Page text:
Wednesday, October 10, 2007

Stuff i didn't know about grapes.

Today was a hugely informative day.

Aren't these red leaves beautiful? But they're bad. The red means the vine has a virus. Yellow is normal for fall, red is bad.

To get really good grapes, careful pruning is essential. At the Von Strasser Winery, we got some one-on-one time with Dave, who showed us the equipment and the vineyard, and gave us the mini-tour overview. i loved what we learned. The pruning process happens once the leaves have all fallen from the vine. For you out there who are happy and informed gardeners, this probably is not new. For me, a semi-happy and largely UNinformed gardener, this was an "Oh. That makes sense." Anyway, our new friend Dave said that for them to get the best grapes, they will trim those little branches back to two offshoots. Otherwise the branches will go all wild and crazy, growing every which way, and pulling too much of the nutrients from the soil. More unpruned growth means less nutrition per branch equals poor quality grape flavor. (There was a lot more but i won't go all Encyclopedia Britannica on ya.)

Dave sent us over to Charles Krug Winery where i had a lovely chat with Ralph. Everybody at Krug loves Dave--he used to work there. Ralph gave me the lowdown on the difference between hillside grapevines and valley grapevines. Seems the difference in how the sun touches the vines makes a difference. There's the constant outpour on the valley plants, and the gentler change of the sun and breezes on the hillside plants. Those differences even in the same state can make quite a change in the fruit--the milder hillside climate yielding a smoother flavor. Now, i'm sure i've butchered Ralph's explanation all to pieces, but that's the basic understanding i came away with.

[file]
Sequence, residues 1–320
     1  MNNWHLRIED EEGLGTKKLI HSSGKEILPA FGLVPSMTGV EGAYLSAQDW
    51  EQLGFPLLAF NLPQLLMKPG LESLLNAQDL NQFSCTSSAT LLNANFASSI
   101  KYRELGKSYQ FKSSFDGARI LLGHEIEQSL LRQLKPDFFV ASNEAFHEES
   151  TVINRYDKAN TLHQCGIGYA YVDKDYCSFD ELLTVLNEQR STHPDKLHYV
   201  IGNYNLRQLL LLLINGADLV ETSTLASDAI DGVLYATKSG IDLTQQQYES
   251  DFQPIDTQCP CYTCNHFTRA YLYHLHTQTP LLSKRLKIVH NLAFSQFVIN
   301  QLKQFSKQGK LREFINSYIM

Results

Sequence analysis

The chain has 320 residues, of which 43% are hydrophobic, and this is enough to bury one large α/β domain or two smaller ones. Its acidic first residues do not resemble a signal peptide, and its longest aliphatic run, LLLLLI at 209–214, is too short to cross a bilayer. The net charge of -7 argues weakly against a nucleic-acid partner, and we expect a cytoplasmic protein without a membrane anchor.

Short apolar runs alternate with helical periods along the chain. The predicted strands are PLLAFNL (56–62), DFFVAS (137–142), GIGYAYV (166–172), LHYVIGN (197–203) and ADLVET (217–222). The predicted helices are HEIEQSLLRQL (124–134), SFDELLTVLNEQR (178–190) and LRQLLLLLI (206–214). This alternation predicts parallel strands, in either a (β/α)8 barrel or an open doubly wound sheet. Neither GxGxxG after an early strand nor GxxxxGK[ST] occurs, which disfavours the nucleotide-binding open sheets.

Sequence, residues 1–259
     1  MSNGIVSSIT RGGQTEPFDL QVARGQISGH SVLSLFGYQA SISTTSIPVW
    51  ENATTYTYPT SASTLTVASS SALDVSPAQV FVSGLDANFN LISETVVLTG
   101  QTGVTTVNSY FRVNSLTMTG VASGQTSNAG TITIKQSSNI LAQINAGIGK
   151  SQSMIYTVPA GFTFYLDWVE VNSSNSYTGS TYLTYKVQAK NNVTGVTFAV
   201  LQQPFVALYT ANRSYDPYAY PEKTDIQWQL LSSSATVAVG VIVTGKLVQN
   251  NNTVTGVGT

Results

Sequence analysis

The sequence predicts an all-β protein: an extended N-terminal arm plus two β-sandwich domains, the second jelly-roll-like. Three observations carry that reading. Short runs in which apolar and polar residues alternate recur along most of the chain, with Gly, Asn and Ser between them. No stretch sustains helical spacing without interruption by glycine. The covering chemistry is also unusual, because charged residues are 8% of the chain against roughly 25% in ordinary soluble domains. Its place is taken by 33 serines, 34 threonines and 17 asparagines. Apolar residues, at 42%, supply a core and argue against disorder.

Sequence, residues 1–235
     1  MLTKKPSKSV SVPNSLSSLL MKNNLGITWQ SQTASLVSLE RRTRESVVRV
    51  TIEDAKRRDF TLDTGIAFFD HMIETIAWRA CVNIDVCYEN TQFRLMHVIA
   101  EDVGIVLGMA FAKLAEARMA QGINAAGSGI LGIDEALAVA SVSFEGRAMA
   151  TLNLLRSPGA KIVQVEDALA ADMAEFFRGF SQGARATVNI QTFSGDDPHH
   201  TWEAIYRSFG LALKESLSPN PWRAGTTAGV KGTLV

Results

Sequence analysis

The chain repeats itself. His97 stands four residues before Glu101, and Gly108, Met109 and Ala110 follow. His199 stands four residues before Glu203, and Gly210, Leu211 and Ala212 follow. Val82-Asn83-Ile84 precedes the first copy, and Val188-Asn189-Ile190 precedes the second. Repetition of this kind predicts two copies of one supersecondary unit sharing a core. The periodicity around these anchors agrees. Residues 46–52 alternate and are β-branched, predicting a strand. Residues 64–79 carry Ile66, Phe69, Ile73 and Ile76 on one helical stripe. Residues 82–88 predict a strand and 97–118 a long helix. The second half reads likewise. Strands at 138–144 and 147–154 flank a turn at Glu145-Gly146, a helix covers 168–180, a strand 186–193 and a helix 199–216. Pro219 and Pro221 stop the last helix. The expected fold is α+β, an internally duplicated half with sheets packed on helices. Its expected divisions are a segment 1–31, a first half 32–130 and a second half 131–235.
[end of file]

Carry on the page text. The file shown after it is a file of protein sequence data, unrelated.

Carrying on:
He also explained ice wines--made places like British Columbia and Washington state, where the vines are left with grapes still on into the freezing temperatures. This causes the whole ice expansion thing that pops the skins of the grapes, and then when the moisture evaporates, a super sweet low-water/high-sugar grape is left for dessert type wines. In California they use some other process involving a naturally forming mold. Ralph started losing me there, my mind being somewhat full by that point in the conversation. i always thought mold was a bad thing, but apparently it can be part of a good process.

So, just to recap: Those pretty red leaves actually mean something bad. Careful pruning means higher quality fruit. The grapes that grow over a certain amount of feet above sea level will taste different than the ones grown in the valley. And freezing your grapes can be a good thing, as can letting them mold.

Some of this made sense, and some was quite the opposite of what i thought should make sense. Some of it has very clear spiritual application, like the whole pruning thing--"I am the vine, you are the branch. If a man remains in me and I in him, you can bear much fruit. Without me you can do nothing." (It's in the book of John, 15th chapter.) Some of the other i'm still pondering. Still not sure about the whole mold thing.

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